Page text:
35. Cuphook says:

    But I don’t think much of the way they’ve done it, in technical terms. In what way?
    I don’t like the presentation, myself. Normally RIC are good at presentation but this just looks amateurish.

  36. cath says:

    “you need to remove Scots MPs from Westminster. That requires federalisation or independence.”
    Exactly. Which is why Labour, especially, are so dead set against and we have devolution lines in the sand beyond which they cannot and will not go. They will cling to their jobs, power and expenses with every last fingernail.

  37. Rev. Stuart Campbell says:

    “Have I missed the announcement that the regional paper The Herald has been taken over this week?
    Every +ve article highlighted on Twitter seems to lead to this paper.
    Granted the content is not stunningly pro-independence, but at least it’s not the usual spin and smear.
    It has left me a bit disorientated.”

    I did say I was cautiously optimistic about the new editor, based on what people with first-hand experience of him had told me. Not counting any chickens yet, and there’s still the Gardham Situation, but it does seem to be a little more balanced lately.

  38. Chic McGregor says:

    @Peter A Bell
    I agree with you that those outcomes are possible, very possible.
    That is Why I have several times elsewhere, suggested that their possibility be put to the Unionist party leaders by straight questions in as direct and public manner as possible.
    On televised debates.  As official questions at PMQs.  In open letters to the MSM.
    To the point where the voting electorate are aware of those likliehoods.
    Then, even should they still refuse to answer them, at least the electorate can draw their own conclusions from that.

  39. Peter A Bell says:

    I know how much you detest inconvenient facts so this one will probably choke you. The British parties had rejected a “more powers” option on the referendum ballot long before the result of the consultation was known.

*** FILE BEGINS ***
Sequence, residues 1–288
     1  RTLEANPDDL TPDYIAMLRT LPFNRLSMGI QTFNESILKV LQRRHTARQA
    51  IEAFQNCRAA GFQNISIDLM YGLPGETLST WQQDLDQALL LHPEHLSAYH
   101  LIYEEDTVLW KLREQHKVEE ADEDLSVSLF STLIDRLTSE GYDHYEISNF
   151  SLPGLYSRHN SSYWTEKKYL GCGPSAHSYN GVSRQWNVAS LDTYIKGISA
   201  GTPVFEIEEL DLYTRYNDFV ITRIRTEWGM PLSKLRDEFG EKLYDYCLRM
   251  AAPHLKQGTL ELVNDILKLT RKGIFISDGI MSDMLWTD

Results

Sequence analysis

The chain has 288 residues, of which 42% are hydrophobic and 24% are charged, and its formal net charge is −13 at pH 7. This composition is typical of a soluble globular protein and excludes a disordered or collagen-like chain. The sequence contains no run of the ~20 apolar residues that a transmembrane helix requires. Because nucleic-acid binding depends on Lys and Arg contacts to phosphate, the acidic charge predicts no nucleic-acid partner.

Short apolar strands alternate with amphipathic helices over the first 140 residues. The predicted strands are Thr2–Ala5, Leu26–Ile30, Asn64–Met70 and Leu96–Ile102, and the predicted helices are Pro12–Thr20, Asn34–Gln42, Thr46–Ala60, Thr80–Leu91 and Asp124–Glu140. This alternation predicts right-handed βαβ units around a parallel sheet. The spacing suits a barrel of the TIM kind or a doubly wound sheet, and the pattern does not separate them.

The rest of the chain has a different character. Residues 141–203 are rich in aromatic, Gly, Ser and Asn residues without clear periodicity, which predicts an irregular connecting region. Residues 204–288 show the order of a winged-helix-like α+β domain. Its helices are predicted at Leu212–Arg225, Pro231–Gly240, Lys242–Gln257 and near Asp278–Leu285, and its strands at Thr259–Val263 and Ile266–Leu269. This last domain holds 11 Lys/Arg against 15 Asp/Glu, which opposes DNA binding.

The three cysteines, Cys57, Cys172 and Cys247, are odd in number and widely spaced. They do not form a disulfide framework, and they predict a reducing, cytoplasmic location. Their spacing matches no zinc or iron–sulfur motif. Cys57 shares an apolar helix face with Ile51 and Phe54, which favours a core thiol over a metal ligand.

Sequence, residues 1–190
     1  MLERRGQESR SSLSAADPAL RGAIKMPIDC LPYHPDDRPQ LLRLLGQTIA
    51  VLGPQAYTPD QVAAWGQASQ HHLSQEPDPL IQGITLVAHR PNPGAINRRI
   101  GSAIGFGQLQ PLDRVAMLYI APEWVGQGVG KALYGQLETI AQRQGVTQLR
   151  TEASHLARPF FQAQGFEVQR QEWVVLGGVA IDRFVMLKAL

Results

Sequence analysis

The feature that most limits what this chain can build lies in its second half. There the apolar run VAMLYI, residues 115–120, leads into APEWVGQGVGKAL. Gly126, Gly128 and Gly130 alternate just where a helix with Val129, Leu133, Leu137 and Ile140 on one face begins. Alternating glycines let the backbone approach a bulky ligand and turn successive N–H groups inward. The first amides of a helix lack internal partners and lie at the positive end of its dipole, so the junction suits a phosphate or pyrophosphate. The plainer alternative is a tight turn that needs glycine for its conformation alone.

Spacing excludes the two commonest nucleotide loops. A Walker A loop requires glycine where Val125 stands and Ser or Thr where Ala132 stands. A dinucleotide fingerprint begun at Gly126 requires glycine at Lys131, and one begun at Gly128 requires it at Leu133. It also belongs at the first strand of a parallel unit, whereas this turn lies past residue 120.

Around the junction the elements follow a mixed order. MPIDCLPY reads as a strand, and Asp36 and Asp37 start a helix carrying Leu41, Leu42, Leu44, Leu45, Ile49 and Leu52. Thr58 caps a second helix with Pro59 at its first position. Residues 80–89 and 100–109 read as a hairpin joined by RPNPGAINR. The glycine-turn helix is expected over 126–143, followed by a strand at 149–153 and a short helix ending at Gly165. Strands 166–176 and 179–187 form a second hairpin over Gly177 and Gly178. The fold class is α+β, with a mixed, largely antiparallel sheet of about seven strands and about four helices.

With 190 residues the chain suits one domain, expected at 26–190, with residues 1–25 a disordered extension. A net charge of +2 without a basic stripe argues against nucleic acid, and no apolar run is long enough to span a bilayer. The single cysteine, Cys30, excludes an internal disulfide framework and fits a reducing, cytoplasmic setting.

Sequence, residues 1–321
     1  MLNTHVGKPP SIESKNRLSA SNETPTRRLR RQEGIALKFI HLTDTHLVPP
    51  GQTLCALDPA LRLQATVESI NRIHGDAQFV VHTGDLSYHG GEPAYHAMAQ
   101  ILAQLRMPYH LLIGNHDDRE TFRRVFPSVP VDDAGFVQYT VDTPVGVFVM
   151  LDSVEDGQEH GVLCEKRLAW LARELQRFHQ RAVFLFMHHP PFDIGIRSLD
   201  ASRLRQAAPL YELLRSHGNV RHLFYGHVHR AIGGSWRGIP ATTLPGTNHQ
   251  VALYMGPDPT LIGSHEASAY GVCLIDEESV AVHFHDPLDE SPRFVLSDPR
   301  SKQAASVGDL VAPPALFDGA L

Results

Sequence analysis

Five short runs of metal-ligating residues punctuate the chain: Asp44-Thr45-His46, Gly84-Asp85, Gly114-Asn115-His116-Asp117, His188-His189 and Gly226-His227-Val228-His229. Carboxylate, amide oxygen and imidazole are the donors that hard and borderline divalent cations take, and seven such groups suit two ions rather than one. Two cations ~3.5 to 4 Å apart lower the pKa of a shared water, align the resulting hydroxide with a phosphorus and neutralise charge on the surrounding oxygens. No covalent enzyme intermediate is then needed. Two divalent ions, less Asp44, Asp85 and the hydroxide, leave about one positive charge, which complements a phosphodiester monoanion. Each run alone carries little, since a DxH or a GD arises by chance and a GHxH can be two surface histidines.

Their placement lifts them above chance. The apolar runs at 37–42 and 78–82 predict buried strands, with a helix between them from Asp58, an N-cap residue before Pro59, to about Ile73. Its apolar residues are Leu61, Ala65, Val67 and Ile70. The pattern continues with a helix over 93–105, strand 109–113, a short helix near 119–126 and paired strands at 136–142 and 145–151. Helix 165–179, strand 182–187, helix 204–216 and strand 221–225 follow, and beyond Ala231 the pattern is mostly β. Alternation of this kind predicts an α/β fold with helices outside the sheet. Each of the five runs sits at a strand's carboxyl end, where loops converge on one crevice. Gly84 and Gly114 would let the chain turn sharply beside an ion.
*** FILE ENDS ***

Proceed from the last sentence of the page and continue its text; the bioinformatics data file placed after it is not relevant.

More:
40. Macart says:

    Westminster had two bites at the cherry vis a vis devolution and rigged it both times.  I believe Peter’s appraisal of the situation to be considered and accurate. These are more than likely outcomes to any no vote.

  41. scottish_skier says:

    O/T. That’s the Mariner field got the go ahead. At least 30 years of production once up and running.

  42. Craig M says:

    Re Peter A Bell says;
    A NO vote will also mean the following, to which we musn’t sneer, as these outcomes are most important to those in receipt.
    A peerage for A Darling @£300 per day, plus pention plan.
    A safe Westminster seat in England for J Lamont.
    A peerage for D Alexander @£300 per day, plus pention plan.
    A peerage for the other D Alexander @£300 per day, plus pention plan.
    An Invitation to Buckingham Palace for Blair McDougall.
    An Invitation to Buckingham Palace for the editor of the Scotsman.
    An increase in funding for Pacific Quay and promotions all round for the key journalists and presenters who contributed to the victory.
    A safe Tory seat in England for Ruth Davidson.
    A removal of the planning block at Holyrood and the subsequent building of new Nuclear Power Stations in Scotland to send energy to England.
    New media laws to tighten control of blogging and internet discussion groups. (far fetched? wait and see)

  43. Macart says:

    @ Peter A Bell